Kollel scholar Avrohom Weisswasser from Pittsburgh, attended the one-week program. “I found the ASK OU program extremely informative. The best parts were the hands-on presentations with meat and vegetables as well as the dairy. I joined with the hope to better understand how contemporary kashrus is done and the OU well exceeded my expectations.”
Rabbi Dov Chastain is rabbinic administrator of Oregon Kosher, in Portland. “As a rabbinic administrator in an “out-of-town” va’ad hakashrus, it is very valuable to me to be able to come in and learn from the expertise of the OU. As the largest kosher certification agency in the world, its resources and skills provided much valuable information.”
Nachum Rosenberg, a teacher in San Diego, attended the three-week program. I came here to learn more about the kosher industry to help educate my local community. The highlight so far has been the hands-on presentations, whether they be about checking vegetables for insects; meats with forbidden fats; chickens with injuries; or examining a fish to see if it’s kosher.”
Chaim Lebowitz, a kollel fellow in Pittsburgh, attended the three-week internship. “The entire program shed a new light into the kashrus world, especially behind the scenes. The hands-on experience with bugs and visiting plants brought the concepts learned to a practical level.”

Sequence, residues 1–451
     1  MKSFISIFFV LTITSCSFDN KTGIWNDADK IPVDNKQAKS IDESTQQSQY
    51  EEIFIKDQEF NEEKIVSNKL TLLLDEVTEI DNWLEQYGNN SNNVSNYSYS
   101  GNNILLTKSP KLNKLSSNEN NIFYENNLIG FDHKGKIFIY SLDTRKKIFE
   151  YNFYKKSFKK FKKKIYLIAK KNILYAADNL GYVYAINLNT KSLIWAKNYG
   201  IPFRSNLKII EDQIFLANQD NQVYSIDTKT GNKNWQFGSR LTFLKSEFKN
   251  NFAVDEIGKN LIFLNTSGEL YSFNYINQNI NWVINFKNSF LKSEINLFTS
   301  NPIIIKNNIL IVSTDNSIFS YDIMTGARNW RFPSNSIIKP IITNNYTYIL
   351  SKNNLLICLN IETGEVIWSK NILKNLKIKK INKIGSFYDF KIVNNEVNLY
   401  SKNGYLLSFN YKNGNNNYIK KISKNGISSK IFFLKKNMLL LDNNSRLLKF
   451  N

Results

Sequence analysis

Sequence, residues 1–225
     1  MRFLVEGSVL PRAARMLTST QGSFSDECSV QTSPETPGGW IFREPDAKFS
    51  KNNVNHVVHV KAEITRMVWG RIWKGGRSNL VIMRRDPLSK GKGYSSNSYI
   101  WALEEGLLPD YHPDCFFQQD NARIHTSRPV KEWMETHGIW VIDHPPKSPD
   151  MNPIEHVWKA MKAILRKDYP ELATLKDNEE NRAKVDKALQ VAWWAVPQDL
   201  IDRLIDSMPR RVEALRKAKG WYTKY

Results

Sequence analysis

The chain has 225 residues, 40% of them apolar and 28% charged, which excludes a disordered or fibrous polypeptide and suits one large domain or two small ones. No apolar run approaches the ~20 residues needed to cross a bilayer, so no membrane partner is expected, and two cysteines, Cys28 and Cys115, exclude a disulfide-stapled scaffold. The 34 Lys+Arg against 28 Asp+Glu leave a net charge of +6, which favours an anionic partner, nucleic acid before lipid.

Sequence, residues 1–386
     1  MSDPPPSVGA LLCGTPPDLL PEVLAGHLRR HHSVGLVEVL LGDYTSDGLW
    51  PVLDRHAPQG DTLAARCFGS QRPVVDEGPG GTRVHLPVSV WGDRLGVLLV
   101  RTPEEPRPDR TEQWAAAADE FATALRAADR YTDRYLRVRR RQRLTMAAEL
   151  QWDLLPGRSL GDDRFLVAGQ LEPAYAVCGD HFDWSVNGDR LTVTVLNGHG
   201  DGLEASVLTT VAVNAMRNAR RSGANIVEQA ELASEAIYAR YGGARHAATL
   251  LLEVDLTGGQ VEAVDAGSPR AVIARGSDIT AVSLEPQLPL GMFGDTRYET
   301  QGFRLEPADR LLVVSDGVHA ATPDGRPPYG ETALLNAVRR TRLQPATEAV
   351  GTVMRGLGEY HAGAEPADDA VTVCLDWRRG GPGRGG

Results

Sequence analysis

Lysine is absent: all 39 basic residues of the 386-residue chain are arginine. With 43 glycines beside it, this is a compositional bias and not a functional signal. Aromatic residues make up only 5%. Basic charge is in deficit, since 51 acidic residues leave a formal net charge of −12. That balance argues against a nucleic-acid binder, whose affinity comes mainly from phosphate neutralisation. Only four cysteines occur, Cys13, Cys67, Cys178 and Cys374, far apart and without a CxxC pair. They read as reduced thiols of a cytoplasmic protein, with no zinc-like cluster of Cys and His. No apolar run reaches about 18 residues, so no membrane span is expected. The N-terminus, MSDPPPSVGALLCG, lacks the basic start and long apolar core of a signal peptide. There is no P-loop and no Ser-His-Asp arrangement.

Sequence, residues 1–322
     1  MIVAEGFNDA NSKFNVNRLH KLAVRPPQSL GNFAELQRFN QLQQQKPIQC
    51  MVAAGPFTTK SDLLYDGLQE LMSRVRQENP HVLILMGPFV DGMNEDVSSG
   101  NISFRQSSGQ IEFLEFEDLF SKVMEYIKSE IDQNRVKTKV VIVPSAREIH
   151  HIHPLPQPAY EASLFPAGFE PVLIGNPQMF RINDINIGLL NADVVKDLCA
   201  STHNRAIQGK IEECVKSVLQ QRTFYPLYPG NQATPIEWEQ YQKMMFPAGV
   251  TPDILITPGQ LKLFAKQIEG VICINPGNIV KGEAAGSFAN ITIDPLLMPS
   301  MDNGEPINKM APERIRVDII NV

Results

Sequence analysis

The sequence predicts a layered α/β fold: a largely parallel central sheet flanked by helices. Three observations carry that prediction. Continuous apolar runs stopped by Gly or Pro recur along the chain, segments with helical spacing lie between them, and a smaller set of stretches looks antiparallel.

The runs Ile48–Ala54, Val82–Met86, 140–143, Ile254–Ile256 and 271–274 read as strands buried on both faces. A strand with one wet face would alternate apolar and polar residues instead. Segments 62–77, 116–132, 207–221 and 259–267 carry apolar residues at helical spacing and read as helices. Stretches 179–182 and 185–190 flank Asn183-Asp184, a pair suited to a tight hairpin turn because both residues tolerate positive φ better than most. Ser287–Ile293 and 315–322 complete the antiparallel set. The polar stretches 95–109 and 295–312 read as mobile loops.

Rabbi Elchonon Tenenbaum, campus rabbi at Touro University in Vallejo, CA, took part in the one-week program. “I took the course to enhance my understanding of contemporary and practical kashrus. To be able to see first-hand the intricacies and details of kashrus has brought my appreciation to a new level. The services provided by the OU are invaluable to yiddishkeit in the 21st century.”
Abraham M. Steinberg is a rabbinic field representative for Mexico’s Hashgacha. “I took the course because I want to have an international point of view and the OU is the most international representative of kashrus. I want to have more experience of what I am dealing with every day at my work because many (Mexican) companies want higher standards to be able to sell to the United States.”
Shlomo Garfinkel, a mashgiach in Philadelphia, attended the one- week session and summed it up as follows: “The whole program was excellent. Kol hakavod.”
Through the entire three-week and one-week sessions, participants were aware that the OU’s expertise and the quality of its staff make its kashrus training seminar the leader in the field. As one student declared, “Only a great organization like the OU can possibly put through such a tremendous program. It must take great effort but the zechus (merit) is bigger.”
Or, as another added, “Only an organization like the OU could give such a course.”